McDonagh’s Digisoft back in growth after strategic review

Cork video software firm ‘growing sales at 40% annually’ and predicts sales to top €4m

Digisoft chief executive Fearghal Kelly has said the firm has been profitable for the last 12 months

Digisoft chief executive Fearghal Kelly has said the firm has been profitable for the last 12 months

 

Digisoft, a video software company backed by serial tech investor and Riverdeep founder Pat McDonagh, says it is growing sales at about 40 per cent annually after shifting its strategy following a strategic review.

Digisoft has for several years sold software services for set-top boxes and on-demand streaming services to telcos.

The company has recently diversified into providing to its clients so-called “experience management” software, which its chief executive, Fearghal Kelly, said can be used in the development of apps for telcos.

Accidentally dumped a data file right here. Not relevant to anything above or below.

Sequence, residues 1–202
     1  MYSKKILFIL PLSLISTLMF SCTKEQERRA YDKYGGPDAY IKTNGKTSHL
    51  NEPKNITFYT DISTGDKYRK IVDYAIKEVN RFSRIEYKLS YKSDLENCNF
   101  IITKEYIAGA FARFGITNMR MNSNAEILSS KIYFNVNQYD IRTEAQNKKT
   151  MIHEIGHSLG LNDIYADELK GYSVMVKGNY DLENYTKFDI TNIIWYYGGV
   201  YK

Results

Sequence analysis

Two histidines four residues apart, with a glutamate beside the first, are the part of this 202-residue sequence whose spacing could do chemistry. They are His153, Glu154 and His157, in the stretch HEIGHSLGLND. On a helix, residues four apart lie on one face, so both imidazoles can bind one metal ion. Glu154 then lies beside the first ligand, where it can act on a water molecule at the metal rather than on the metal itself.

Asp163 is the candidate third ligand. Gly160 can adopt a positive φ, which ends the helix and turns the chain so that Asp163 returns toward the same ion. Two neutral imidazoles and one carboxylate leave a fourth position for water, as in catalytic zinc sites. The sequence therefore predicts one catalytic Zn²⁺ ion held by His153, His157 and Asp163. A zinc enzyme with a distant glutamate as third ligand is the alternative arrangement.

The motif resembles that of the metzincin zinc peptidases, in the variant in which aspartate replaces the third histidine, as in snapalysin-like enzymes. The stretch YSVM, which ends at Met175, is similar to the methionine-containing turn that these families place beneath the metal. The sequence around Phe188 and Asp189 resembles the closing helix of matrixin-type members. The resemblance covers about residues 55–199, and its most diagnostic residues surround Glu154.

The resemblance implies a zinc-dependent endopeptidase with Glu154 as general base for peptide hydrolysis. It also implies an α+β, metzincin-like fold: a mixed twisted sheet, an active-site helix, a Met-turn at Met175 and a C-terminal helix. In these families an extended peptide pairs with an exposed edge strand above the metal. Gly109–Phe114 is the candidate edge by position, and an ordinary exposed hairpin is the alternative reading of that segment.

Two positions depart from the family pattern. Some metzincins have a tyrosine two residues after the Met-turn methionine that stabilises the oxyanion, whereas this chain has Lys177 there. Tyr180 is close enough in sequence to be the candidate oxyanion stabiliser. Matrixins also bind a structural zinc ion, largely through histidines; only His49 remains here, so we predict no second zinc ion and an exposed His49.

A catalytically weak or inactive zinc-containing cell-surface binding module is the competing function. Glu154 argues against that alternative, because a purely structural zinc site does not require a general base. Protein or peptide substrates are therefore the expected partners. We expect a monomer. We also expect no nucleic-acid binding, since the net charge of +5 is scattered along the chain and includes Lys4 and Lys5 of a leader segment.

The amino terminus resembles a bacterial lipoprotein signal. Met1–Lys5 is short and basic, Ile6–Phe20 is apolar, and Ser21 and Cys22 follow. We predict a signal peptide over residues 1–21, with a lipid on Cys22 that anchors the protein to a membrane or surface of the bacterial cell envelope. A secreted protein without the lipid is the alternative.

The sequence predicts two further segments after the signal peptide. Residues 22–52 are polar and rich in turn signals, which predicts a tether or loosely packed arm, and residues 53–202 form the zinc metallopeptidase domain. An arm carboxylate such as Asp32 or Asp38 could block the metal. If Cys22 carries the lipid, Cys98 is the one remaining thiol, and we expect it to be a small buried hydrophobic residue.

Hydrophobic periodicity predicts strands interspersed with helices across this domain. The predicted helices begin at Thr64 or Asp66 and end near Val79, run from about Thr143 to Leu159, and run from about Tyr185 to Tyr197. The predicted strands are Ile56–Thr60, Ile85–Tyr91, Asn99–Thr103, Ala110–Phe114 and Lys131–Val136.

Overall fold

Digisoft has been profitable for the last 12 months, he said, and requires no further funding from Mr McDonagh or State agency Enterprise Ireland, which has invested more than €350,000 in Digisoft.

Backed heavily

Mr McDonagh, who has a 44 per cent stake, has backed Digisoft heavily in recent years. Accounts for 2014 that were filed in recent weeks show shareholders had pumped more than €12 million into the company to cover its operating costs over the previous four years.

The accounts show Digisoft had accrued losses of more than €25 million, and owed about €18.3 million in loan notes and for the redemption of preference shares. It had an outstanding overdraft of €4.8 million, guaranteed by Mr McDonagh and John Allen, the Cork-based company’s founder, who retains a stake of more than 40 per cent.

In the published accounts, the directors attributed the heavy losses to product development.

“It’s 2017 and we’re still here and we’re now growing strongly,” said Mr Kelly.

He predicted sales would top €3.5 million-€4 million this year. It employs about 35 staff at its Cork base.

The company’s clients include Vodafone and also South African telco, Discover Digital, for which it provided software for a Netflix-like service in its home market.